Small businesses and the supply chain.

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In a White House Blog post this month, the role of the President’s Council on Jobs and Competitiveness in promoting supply chain innovation and helping small businesses was highlighted. The blog described how small business growth can influence regional employment and the Council’s objective to provide constructive guidance to help make that a reality. While the blog did describe some of the methods the council is using to achieve their objectives, I was left wondering how the council can help level the playing field for small businesses when competing with large rivals.

Who hasn’t heard tales about the virtual disappearance of the local hardware stores when faced with competition like Home Depot and Lowes? Small businesses face many of the same supply chain dynamics and risks but without the level of resources in systems, expertise, and business leverage. The recent recession was particularly hard on small businesses which often have very limited capital and a much lower risk tolerance. I can count more than 10 small businesses within a 3 mile radius of my home that didn’t survive the recession. Still, small can often translate to nimble with a freedom of transformation that is difficult to achieve in large company bureaucracies. So how can the council help small companies address the disadvantages while leveraging their strengths?

Large companies have been investing heavily in developing sophisticated response management capabilities to address the volatile nature of demand and supply while minimizing their investments in inventory. Coupled with Lean Enterprise practices, these companies have achieved distinct cost advantages. I’m wondering if the council shouldn’t be actively promoting methods for small companies to learn and adopt lean practices. 

Going one step further, perhaps the government should be subsidizing system investments that would help small business be more responsive to the dynamics of the current business environment. The objectives of the Council are laudable and a business environment where small companies can compete and thrive will indeed serve to increase both product and supply chain innovation. Do you have other ideas on what the Council might do to help?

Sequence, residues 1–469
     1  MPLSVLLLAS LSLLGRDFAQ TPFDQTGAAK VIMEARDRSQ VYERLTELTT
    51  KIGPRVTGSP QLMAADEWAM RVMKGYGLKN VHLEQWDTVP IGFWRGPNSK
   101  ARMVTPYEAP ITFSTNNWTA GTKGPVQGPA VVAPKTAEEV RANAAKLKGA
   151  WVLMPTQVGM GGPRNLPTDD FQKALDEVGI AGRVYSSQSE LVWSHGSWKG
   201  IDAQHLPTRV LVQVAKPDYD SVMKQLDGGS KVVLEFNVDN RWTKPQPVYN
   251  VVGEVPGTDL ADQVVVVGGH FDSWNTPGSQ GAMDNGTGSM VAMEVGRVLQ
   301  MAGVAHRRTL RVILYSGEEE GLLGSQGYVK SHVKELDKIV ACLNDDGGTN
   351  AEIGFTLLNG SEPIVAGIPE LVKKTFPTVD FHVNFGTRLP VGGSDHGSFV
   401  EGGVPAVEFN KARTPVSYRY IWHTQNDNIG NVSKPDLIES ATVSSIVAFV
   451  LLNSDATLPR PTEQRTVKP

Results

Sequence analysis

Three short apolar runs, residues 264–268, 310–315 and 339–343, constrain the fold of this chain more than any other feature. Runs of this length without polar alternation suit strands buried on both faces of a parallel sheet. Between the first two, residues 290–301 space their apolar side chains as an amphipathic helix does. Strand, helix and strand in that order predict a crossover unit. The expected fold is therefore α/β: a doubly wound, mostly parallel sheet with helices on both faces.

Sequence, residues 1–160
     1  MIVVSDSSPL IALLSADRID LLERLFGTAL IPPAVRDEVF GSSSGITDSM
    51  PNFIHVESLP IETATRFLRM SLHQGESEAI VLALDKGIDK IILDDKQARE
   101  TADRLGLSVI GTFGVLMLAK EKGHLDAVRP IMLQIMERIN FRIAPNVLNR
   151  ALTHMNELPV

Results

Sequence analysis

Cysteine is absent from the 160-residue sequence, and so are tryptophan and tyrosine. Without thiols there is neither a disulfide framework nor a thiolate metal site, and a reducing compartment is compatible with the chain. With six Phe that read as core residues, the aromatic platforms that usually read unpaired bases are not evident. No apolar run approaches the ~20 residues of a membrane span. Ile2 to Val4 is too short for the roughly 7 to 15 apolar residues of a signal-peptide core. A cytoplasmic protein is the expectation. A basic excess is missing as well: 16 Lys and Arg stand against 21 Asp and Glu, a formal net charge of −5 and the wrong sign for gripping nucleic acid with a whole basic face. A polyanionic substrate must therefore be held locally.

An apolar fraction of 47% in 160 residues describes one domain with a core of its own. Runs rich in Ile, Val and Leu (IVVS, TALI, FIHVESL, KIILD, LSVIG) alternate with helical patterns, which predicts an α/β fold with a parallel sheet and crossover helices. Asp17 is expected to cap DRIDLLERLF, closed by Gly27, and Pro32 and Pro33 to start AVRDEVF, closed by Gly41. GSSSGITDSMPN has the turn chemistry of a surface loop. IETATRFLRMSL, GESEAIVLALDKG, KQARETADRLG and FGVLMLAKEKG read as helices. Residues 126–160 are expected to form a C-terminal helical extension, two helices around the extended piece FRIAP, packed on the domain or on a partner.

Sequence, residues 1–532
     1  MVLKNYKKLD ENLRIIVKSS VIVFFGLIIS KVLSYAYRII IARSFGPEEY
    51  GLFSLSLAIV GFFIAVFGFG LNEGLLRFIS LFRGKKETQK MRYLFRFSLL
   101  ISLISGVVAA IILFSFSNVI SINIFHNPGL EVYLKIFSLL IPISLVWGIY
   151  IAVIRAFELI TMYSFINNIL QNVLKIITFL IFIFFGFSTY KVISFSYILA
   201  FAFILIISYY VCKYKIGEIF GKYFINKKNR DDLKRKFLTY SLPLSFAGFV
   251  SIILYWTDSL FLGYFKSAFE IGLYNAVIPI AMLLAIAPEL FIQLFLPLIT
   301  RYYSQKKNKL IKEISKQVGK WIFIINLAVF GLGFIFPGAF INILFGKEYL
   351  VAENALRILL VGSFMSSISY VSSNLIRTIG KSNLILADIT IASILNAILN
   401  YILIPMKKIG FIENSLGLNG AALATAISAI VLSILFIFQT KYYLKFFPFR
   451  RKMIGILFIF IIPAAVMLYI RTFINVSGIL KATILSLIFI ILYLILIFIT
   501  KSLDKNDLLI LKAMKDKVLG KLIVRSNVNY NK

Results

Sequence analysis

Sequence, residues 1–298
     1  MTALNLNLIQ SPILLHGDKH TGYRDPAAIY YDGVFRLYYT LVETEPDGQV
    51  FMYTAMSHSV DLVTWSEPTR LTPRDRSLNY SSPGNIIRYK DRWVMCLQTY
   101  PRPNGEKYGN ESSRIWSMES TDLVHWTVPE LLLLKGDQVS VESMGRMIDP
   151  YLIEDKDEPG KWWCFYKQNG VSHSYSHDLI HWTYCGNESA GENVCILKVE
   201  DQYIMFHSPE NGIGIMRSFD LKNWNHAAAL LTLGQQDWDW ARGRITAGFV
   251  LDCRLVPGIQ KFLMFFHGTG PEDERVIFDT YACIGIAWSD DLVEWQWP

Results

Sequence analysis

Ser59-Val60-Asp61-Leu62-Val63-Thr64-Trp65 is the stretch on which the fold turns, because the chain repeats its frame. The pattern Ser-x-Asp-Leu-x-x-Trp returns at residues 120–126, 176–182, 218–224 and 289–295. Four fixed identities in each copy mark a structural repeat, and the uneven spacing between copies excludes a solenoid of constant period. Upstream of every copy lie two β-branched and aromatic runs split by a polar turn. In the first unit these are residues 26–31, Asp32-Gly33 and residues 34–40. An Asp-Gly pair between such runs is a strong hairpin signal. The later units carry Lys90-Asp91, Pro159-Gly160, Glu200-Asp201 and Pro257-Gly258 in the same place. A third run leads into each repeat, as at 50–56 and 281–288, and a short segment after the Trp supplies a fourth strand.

Darryl Gash
- May 24, 2011 at 2:07pm
I would advise small business to focus on flexibility and customer service levels. Large retailers in all indiustries struggle between cost pressures and having unique solutions to customer needs on a micro level. The one product serves all attitude to take advantage of economics of scale and scope leaves consumers who have unique needs out in the cold. The reatiler that can identify these needs and have the flexibillity to satisfy them will have a competitve advantage. My experience is that todays large retailers are following a Wal-Mart mindset. They seek to be the low cost leader while sacrificing customer service. Home Depot, as an example, is turning to a larger part-time work force to fill needed positions. This looks good from a cost of operations stand point but will degrade its mission of providing excellent customer service. If Home Depot does not change its mission to match its strategy it will realize a similar fate to that of Sears. This crtical strategic error will open the door for a host of small business that will have the ability to out perform Home Depot with flexibility, employee knowledge, expertise, and customer service level.
Kerry Zuber
- May 24, 2011 at 2:25pm

I think you are exactly on target with respect to where the biggest area of opportunity for small businesses lie. They won't win on price, but it areas with service is valued as highly as the goods purchased, they can shine. The challenge for them is promoting that value and the benefit to the community of their presence.
Air Charter
- May 25, 2011 at 12:22pm
Interesting article... I think those who care about small businesses should do all they can do shop locally. Coming from a small town I really care about local small businesses and always try to support them!

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